displaystyle epsilon sim lim_{Delta rightarrow0} frac{Delta ln D}{Delta ln P} = frac{dln D}{dln p} = alpha.

Thus, we can calculate the optimum profit price for the constant elasticity model as:

displaystyle p^star = frac{c}{1 - frac{1}{|alpha|}}

It is interesting to note that one needs 1″ title=”|alpha| > 1″>, otherwise the profit function will be convex with respect to price and the optimal price will be infty. If one have a monopolistic market, normally this assumption holds.

Example:

# Synthetic data
p = seq(80,130)
d = constant_elast(p, alpha = -3, beta = 15)*exp(rnorm(sd = .15, length(p)))
c = 75
profit = d*(p-c)

# Fitting of demand model
model2 = lm(log(d)~log(p))
profit.fitted = exp(model2$fitted.values)*(p - c)

# pricing optimization
alpha = model2$coefficients[2]
p.max.profit = c/(1-1/abs(alpha))

# Plots
df.const_elast = data.frame('Prices' = p, 'Demand' = d,
                       'Profit.fitted' = profit.fitted, 'Profit' = profit)

ggplot(select(df.const_elast, Prices, Demand)) + aes(x = log(Prices), y = log(Demand)) +
  geom_point() + geom_smooth(method = lm)

plot of chunk profit_constant_elastc

ggplot(select(df.const_elast, Prices, Profit)) + aes(x = Prices, y = Profit) +
  geom_point() + geom_vline(xintercept = p.max.profit, lty = 2) +
  geom_line(data = df.const_elast, aes(x = Prices, y = Profit.fitted), color = 'blue')

plot of chunk profit_constant_elastc

Logistic model

For the logistic function, one can check that d'(p) = alpha d(p)(1-d(p)/C). Thus:

displaystyle d'(p^star)(p^star - c) + d(p^star) = 0,
displaystyle alpha d(p^star)(1-d(p^star)/C)(p^star-c) + d(p^star) = 0,
displaystyle alpha(1-d(p^star)/C)(p^star-c) + 1 = 0,
displaystyle frac{alpha e^{-alpha(p^star - p_0)}(p^star - c) + 1+ e^{-alpha(p^star - p_0)}}{1+ e^{-alpha(p^star - p_0)}} = 0,
displaystyle alpha(p^star-c)+1]e^{-alpha(p^star - p_0)} + 1 = 0.

Since the last equation above does not have an analytical solution (at least we couldn’t solve it), one can easily find the result with a newton-step algorithm or minimization problem. We will use the second approach with the following formulation:

displaystyle min_{p in mathbb{R}} big{(}[alpha(p-c)+1]e^{-alpha(p - p_0)} + 1big{)}^2

Example:

# Objective functions for optimization
demand_objective = function(par, p, d) sum((d - logistic(p, par[1], par[2], par[3]))^2)
price_objective = function(p, alpha, c, p0) (exp(-alpha*(p-p0))*(alpha*(p-c)+1) + 1)^2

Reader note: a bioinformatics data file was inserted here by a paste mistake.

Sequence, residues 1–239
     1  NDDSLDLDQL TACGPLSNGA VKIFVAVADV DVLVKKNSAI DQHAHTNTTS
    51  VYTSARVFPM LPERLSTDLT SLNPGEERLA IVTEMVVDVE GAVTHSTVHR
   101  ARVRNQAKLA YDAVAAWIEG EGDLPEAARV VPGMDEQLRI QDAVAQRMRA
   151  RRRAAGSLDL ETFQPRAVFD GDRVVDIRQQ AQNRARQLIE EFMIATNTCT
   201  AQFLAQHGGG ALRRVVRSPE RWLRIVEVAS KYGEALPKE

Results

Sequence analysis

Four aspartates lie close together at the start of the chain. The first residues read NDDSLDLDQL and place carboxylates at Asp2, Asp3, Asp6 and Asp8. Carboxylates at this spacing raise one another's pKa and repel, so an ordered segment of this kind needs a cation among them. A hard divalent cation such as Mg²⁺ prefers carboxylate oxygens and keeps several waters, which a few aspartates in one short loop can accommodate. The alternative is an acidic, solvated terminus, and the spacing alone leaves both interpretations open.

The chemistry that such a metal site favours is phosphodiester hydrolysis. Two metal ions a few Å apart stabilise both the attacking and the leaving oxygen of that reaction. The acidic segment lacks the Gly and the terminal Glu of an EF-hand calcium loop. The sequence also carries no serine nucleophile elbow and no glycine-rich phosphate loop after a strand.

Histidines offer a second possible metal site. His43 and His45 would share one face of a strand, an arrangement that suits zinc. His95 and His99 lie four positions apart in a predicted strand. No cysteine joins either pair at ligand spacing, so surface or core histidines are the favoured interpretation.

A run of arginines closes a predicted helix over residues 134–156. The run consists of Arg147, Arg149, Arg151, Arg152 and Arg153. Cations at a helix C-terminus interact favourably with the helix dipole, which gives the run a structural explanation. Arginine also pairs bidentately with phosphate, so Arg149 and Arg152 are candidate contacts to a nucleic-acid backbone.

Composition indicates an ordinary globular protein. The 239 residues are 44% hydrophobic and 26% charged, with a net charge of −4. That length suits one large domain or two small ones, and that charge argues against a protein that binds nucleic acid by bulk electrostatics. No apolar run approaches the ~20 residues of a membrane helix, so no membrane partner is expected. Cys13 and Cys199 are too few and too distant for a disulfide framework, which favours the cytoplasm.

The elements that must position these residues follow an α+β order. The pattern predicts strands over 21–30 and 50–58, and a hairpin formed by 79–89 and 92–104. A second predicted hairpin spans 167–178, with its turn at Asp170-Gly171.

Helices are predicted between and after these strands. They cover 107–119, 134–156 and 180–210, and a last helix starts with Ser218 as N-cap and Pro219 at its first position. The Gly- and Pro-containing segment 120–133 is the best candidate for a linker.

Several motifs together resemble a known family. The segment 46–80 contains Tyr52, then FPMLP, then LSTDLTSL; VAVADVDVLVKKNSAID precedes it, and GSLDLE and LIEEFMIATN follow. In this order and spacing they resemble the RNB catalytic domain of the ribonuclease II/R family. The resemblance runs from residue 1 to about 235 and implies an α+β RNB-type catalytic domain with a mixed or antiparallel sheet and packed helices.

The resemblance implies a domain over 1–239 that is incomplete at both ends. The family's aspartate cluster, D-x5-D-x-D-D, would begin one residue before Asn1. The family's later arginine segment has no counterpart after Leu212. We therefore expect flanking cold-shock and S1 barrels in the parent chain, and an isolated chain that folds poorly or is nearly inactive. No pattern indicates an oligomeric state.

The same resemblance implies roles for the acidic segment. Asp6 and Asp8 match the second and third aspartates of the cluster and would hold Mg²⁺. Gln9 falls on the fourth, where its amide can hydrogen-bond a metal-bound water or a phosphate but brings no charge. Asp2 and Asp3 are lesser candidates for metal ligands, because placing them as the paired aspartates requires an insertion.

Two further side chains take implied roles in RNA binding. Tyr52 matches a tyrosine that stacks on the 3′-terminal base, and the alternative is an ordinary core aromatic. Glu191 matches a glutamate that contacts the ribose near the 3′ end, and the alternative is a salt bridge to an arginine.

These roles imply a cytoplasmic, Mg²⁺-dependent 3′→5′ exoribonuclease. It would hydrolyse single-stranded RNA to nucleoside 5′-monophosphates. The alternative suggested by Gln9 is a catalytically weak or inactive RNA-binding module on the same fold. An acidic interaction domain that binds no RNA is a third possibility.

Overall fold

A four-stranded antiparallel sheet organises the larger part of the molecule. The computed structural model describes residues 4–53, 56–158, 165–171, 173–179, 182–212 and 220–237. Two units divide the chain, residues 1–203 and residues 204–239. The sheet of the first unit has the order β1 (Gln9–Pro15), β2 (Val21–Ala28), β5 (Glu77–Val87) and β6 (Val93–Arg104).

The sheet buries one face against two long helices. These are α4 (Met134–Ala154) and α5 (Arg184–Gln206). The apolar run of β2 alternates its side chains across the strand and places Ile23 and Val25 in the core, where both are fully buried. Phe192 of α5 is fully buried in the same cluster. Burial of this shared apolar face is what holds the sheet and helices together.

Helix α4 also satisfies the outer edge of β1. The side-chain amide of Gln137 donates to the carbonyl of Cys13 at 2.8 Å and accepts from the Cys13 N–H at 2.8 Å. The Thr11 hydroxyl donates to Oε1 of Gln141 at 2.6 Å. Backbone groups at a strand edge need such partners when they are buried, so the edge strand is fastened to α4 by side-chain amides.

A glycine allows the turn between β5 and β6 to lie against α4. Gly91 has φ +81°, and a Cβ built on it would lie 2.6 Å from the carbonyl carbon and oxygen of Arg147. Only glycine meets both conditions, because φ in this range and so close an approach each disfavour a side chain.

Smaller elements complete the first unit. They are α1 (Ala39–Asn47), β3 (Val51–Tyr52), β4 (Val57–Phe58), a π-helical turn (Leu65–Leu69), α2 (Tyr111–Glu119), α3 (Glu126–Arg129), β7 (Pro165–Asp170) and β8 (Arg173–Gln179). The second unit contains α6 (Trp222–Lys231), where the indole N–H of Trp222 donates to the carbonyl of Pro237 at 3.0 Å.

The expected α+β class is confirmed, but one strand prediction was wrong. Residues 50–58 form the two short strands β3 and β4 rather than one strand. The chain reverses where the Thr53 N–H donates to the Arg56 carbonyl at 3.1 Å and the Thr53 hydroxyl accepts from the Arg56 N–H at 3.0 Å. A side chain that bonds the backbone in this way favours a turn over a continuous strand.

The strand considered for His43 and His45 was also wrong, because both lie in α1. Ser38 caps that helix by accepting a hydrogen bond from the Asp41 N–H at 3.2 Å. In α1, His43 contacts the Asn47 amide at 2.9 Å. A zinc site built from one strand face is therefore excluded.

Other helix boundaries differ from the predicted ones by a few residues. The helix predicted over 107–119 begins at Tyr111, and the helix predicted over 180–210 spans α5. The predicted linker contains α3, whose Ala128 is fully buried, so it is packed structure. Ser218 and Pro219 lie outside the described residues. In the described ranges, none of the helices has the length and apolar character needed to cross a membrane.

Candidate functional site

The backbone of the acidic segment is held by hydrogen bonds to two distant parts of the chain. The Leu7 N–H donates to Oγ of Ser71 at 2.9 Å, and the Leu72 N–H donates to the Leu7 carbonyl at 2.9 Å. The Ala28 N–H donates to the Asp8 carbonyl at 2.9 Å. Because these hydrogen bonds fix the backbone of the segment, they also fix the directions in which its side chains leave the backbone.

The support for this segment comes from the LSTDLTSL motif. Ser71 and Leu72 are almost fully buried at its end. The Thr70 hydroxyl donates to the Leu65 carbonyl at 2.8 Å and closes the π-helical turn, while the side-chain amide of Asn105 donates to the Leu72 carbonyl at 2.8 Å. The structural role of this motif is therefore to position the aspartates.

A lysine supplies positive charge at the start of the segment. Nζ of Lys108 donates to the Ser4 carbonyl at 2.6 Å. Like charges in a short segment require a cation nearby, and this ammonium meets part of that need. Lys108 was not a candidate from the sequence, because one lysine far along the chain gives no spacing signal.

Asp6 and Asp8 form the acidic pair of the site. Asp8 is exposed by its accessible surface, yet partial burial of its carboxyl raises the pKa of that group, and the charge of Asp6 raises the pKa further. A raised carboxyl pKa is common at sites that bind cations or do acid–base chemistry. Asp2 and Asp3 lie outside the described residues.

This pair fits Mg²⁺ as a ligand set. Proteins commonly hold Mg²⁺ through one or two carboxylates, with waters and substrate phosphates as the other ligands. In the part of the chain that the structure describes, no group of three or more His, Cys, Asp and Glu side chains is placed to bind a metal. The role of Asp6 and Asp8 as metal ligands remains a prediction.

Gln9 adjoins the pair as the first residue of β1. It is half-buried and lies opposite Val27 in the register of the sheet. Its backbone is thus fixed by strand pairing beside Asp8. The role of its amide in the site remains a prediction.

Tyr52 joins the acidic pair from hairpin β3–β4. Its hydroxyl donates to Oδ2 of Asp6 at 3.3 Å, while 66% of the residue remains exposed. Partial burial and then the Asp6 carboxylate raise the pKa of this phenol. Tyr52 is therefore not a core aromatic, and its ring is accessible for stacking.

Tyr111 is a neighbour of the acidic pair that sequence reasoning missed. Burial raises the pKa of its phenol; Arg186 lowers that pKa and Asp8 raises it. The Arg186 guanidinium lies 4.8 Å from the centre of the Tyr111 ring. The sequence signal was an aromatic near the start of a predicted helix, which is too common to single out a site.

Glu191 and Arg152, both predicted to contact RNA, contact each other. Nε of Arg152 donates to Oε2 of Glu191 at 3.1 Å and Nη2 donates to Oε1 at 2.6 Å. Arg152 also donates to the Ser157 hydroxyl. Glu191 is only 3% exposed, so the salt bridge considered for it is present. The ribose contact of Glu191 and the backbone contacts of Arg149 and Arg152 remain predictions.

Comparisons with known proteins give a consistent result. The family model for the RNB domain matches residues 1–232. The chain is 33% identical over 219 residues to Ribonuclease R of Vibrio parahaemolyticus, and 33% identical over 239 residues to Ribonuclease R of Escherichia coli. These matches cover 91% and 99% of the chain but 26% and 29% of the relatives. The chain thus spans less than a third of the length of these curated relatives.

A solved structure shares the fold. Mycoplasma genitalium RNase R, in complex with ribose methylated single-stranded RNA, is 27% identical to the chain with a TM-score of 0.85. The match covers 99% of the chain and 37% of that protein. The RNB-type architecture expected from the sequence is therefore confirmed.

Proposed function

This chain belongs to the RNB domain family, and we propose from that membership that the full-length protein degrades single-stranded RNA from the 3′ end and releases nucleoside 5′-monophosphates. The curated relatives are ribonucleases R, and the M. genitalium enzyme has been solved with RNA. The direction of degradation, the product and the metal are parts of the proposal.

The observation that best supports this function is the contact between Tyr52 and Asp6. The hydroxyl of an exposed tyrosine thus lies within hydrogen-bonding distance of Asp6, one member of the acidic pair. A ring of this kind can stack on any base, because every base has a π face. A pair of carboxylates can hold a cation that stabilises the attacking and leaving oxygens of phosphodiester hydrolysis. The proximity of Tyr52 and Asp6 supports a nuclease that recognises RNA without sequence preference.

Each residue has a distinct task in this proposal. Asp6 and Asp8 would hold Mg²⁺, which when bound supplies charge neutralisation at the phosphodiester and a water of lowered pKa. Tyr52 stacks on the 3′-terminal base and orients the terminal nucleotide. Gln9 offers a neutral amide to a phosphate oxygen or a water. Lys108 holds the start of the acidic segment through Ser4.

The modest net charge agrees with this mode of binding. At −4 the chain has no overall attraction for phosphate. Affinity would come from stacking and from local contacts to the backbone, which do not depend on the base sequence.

# A cleaner alternative for pricing optimization is to min:
price_objective2 = function(p, c, alpha, C, p0) -logistic(p, C, alpha, p0)*(p-c)

# synthetic data
p = seq(80,130)
c = 75
d = logistic(p, 120, -.15, 115) + rnorm(sd = 10, length(p))
profit = d*(p-c)

# Demand fitting, we can't use lm anymore
par.start = c(max(d), 0, mean(d)) # initial guess

demand_fit = optim(par = par.start, fn = demand_objective, method = 'BFGS',
                   p = p, d = d)

par = demand_fit$par # estimated parameters for demand function
demand.fitted = logistic(p, c = par[1], alpha = par[2], p0 = par[3])
profit.fitted = demand.fitted*(p - c)

# Pricing Optimization, we don't have a closed expression anymore
price_fit = optim(mean(p), price_objective, method = 'BFGS',
                  alpha = par[2], c = c, p0 = par[3])

# or

price_fit2 = optim(mean(p), price_objective2, method = 'BFGS',
                  c = c, C = par[1], alpha = par[2], p0 = par[3]) 

# both results are almost identical
p.max.profit = price_fit$par

# Graphics
df.logistic = data.frame('Prices' = p, 'Demand' = d, 'Demand.fitted' = demand.fitted,
                       'Profit.fitted' = profit.fitted, 'Profit' = profit)

ggplot(select(df.logistic, Prices, Demand)) + aes(x = Prices, y = Demand) +
  geom_point() +
  geom_line(data = df.logistic, aes(x = Prices, y = Demand.fitted), color = 'blue')

plot of chunk profit_logistic_demand

ggplot(select(df.logistic, Prices, Profit)) + aes(x = Prices, y = Profit) +
  geom_point() + geom_vline(xintercept = p.max.profit, lty = 2) +
  geom_line(data = df.logistic, aes(x = Prices, y = Profit.fitted), color = 'blue')

plot of chunk profit_logistic_demand

I hope you liked the examples. In the next post we will discuss about choice models, which are demand models when products are heterogeneous. Goodbye and good luck!

References

Phillips, Robert Lewis. Pricing and revenue optimization. Stanford University Press, 2005.

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rqdatatable: rquery Powered by data.table

By John Mount

Presenttimings 18

(This article was first published on R – Win-Vector Blog, and kindly contributed to R-bloggers)

rquery is an R package for specifying data transforms using piped Codd-style operators. It has already shown great performance on PostgreSQL and Apache Spark. rqdatatable is a new package that supplies a screaming fast implementation of the rquery system in-memory using the data.table package.

rquery is already one of the fastest and most teachable (due to deliberate conformity to Codd’s influential work) tools to wrangle data on databases and big data systems. And now rquery is also one of the fastest methods to wrangle data in-memory in R (thanks to data.table, via a thin adaption supplied by rqdatatable).

Teaching rquery and fully benchmarking it is a big task, so in this note we will limit ourselves to a single example and benchmark. Our intent is to use this example to promote rquery and rqdatatable, but frankly the biggest result of the benchmarking is how far out of the pack data.table itself stands at small through large problem sizes. This is already known, but it is a much larger difference and at more scales than the typical non-data.table user may be aware of.